The nightingale, p.39
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       The Nightingale, p.39

           Kristin Hannah

  guiltily and gave them a mumbled apology.

  Daniel talked constantly, while Sophie and Vianne studied the shadow version of Antoine. He jumped at every sound and flinched when he was touched, and the pain in his eyes was impossible to miss.

  After supper, he put the children to bed while Vianne did the dishes alone. She was happy to let him go, which only increased her guilt. He was her husband, the love of her life, and yet, when he touched her, it was all she could do not to turn away. Now, standing at the window in her bedroom, she felt nervous as she awaited him.

  He came up behind her. She felt his strong sure hands on her shoulders, heard him breathing behind her. She longed to lean back, rest her body against his with the familiarity that came from years together, but she couldn’t. His hands caressed her shoulders, ran down her arms, and then settled on her hips. He gently turned her to face him.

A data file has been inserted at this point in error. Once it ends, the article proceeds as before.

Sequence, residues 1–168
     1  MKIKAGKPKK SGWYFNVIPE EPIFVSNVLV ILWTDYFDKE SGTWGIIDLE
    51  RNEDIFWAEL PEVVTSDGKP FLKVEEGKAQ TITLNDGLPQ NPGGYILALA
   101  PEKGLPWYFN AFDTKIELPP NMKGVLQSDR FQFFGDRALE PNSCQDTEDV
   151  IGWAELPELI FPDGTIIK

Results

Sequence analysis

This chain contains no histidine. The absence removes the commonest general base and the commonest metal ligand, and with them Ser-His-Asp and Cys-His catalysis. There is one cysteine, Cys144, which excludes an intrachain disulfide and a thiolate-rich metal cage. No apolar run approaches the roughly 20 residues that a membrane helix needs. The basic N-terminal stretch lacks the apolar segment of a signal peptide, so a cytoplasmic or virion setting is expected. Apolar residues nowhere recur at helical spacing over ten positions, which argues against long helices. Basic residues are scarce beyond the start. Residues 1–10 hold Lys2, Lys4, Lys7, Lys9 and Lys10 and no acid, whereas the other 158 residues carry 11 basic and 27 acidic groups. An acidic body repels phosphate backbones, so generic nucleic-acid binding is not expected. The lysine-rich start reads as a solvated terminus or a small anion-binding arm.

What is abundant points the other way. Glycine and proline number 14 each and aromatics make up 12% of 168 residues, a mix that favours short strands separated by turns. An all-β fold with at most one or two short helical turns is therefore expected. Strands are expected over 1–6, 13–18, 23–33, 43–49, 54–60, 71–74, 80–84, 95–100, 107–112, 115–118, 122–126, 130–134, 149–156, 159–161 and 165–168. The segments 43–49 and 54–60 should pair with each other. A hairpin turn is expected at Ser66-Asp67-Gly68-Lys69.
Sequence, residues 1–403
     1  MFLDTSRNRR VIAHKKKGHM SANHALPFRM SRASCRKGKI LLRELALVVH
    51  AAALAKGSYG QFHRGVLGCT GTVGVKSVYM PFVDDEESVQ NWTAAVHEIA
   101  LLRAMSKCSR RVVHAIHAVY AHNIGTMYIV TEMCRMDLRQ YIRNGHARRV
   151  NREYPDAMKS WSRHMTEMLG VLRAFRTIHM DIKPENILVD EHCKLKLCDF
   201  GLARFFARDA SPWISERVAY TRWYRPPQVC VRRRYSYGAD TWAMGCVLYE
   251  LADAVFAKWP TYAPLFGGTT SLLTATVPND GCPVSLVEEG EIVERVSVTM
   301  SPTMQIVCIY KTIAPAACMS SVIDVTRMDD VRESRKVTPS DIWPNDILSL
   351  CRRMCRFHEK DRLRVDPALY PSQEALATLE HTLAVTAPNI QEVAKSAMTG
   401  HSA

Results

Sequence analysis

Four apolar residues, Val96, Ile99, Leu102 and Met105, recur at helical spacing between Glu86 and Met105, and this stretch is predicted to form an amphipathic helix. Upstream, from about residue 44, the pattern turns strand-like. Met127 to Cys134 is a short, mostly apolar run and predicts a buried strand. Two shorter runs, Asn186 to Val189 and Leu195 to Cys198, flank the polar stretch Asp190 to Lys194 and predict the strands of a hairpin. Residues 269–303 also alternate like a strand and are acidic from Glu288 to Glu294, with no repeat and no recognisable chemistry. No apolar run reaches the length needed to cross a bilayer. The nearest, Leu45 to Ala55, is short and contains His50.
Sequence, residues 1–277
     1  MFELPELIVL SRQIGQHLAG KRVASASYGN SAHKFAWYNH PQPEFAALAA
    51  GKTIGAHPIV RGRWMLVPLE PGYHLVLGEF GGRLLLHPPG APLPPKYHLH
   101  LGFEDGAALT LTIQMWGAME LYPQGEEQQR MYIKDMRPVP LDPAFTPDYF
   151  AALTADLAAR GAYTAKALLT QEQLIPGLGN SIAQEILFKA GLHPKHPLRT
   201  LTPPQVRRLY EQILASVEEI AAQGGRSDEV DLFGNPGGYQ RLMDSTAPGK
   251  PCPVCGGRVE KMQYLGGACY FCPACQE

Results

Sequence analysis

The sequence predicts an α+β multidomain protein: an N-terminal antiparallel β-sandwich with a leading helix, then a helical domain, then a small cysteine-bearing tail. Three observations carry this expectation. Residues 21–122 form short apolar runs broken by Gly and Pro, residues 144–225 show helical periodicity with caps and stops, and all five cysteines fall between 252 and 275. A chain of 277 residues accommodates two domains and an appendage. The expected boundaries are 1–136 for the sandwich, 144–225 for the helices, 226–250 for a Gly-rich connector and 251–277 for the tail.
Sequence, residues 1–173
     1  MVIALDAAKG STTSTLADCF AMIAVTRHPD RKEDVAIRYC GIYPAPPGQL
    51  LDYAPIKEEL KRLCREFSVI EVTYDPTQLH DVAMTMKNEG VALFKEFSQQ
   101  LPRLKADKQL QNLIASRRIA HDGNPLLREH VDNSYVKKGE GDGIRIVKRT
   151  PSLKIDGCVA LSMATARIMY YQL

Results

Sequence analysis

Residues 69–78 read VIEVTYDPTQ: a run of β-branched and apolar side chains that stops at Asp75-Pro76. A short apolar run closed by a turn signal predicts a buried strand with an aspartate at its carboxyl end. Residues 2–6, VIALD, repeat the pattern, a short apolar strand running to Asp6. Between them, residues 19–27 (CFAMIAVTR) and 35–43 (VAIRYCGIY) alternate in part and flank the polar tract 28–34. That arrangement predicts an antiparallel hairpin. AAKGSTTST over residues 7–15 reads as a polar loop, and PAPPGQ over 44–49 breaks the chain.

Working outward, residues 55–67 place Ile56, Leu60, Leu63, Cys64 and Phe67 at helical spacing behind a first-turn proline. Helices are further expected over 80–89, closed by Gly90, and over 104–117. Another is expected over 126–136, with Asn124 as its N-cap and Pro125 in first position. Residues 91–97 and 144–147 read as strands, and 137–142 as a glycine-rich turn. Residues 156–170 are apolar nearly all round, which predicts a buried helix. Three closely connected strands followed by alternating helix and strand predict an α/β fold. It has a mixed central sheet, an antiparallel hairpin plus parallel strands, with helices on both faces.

He eased the collar of her robe sideways and kissed her shoulder. “You’re so thin,” he said, his voice hoarse with passion and something else, something new between them—loss, maybe, an acknowledgment that change had occurred in their absence.

  “I’ve gained weight since the winter,” she said.

  “Yeah,” he said. “Me, too.”

  “How did you escape?”